Leveraging Namespaces for Cost Optimization with Kubernetes

Damaso Sanoja
Minute Read

Kubernetes is a powerful container orchestration system that's widely used in the industry today. It has many features that make it attractive to organizations, including its ability to automatically scale containerized workloads and automate deployments. However, the ease of deploying and scaling cloud applications can lead to skyrocketing expenses if not managed correctly. So, cost optimization is an important consideration when it comes to running a Kubernetes cluster.

You can manage the costs associated with a Kubernetes cluster in several ways, for example, by using lower-cost hardware for nodes, cheaper storage options, or a lower-cost networking solution. However, these cost-saving measures inevitably affect the performance of the Kubernetes cluster. So, before downgrading your infrastructure, it's worth exploring a different alternative. Leveraging namespaces' ability to organize and manage your resources in Kubernetes is one option that can help your organization save costs.

In this article, you'll learn about the following:

  • Kubernetes namespaces and their role from a cost optimization perspective
  • Identifying resource usage in namespaces
  • Resource quotas and limit ranges
  • Setting up resource quotas and limit ranges in Kubernetes
  • Benefits of x-as-a-service (XaaS) solutions with built-in cost optimization features
  • Kubernetes Namespaces: What They Are and Why They're Useful for Cost Optimization

    You can think of namespaces as a way to divide a Kubernetes cluster into multiple virtual clusters, each with its own set of resources. This allows you to use the same cluster for multiple teams, such as development, testing, quality assurance, or staging.

    Kubernetes namespaces

    Kubernetes namespaces are implemented as a set of labels on objects in the cluster. When you create a namespace, you specify a name that identifies it and a set of labels to select the objects that belong to it.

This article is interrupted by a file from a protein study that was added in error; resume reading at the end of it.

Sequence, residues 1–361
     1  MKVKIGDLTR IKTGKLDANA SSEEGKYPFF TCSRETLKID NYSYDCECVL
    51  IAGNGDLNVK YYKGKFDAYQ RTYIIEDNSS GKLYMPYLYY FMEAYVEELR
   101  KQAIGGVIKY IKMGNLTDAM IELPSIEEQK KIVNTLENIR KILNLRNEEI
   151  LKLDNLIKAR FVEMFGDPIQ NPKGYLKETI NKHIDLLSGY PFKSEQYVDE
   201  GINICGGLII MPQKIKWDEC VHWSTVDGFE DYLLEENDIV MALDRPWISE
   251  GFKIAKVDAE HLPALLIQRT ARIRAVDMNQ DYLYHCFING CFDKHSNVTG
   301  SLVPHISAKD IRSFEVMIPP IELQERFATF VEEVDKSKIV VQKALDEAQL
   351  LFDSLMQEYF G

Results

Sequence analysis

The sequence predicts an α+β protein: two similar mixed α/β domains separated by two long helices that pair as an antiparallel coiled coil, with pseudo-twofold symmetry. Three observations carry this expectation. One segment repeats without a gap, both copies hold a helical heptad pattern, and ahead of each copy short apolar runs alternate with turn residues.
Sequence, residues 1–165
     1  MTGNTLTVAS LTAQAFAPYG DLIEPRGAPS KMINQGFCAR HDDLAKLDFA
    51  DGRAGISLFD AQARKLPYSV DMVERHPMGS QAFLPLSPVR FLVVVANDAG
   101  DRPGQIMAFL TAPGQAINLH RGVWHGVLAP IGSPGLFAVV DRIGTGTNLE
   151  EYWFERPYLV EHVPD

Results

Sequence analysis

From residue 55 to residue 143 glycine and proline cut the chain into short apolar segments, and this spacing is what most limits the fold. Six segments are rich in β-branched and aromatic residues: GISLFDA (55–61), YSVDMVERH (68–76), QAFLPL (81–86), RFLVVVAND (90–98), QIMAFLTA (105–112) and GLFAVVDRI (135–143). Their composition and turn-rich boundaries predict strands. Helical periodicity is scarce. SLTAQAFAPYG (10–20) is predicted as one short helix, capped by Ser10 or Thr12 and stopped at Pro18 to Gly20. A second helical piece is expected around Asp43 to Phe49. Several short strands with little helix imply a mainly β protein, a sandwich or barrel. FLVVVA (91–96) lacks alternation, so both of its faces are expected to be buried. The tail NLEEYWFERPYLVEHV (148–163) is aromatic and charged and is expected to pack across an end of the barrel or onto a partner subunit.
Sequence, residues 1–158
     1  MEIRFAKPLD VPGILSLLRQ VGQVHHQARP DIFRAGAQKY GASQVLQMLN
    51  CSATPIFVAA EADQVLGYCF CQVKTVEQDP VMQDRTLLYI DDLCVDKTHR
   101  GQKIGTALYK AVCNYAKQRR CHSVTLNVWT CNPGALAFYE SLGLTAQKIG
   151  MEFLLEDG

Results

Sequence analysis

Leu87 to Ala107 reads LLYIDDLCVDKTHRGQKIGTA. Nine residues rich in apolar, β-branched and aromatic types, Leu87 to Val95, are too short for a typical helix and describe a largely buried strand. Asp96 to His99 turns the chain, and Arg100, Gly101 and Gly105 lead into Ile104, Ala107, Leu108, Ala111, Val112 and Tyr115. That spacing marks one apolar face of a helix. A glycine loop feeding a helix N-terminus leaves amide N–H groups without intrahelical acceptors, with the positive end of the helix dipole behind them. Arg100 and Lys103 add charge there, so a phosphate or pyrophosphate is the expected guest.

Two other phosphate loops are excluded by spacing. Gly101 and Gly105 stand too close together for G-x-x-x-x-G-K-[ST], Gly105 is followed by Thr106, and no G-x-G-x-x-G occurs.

You can use namespaces to control access to the cluster. For example, you can allow developers to access the development namespace but not the production namespace. This can be done by creating a role that has access to the development namespace and adding the developers to that role.

    You can also use namespaces to control the resources that are available to the applications that run on them. This is done through resource quotas and limit ranges, two objects discussed later in this article. Setting such resource limits is invaluable in terms of cost optimization because it prevents resource wastage and thus saves money. Moreover, with proper monitoring, inactive or underused namespaces could be detected and shut down if necessary to save even more resources.

    In short, you can use Kubernetes namespaces to set resource requests and limits to ensure your Kubernetes clusters have enough resources for optimal performance. This will minimize over-provisioning or under-provisioning of your applications.

    Identifying Namespace Resource Usage

    Before you can rightsize your applications, you must first identify namespace resource usage.

    In this section, you'll learn how to inspect Kubernetes namespaces using the kubectl command line tool. Before proceeding, you'll need the following:

  • kubectl installed and configured on your local machine.
  • Access to a Kubernetes cluster with Metrics Server installed. The Kubernetes Metrics Server is indispensable for collecting metrics and using the kubectl top command.
  • This repository cloned to a suitable location on your local machine.
  • Inspecting Namespaces Resources Using kubectl

    Start by creating a namespace called ns1:

    kubectl create namespace ns1
    namespace/ns1 created

    Next, navigate to the root directory of the repository you just cloned and deploy the app1 application in the ns1 namespace, as shown below:

    kubectl apply -f app1.yaml -n ns1
    deployment.apps/app created
    service/app created

    app1 is a simple php-apache server based on the registry.k8s.io/hpa-example image:

    apiVersion: apps/v1
    kind: Deployment
      name: app1
        app: app1
      replicas: 5
          app: app1
          name: app1
            app: app1
          - name: app1
            image: registry.k8s.io/hpa-example
            - containerPort: 80
                cpu: 500m
                cpu: 200m
                memory: 8Mi---apiVersion: v1
    kind: Service
      name: app1
        app: app1
      - port: 80
        app: app1

    As you can see, it deploys five replicas of the application, which listens on port 80 through a service called app1.

    Now, deploy the app2 application in the ns1 namespace: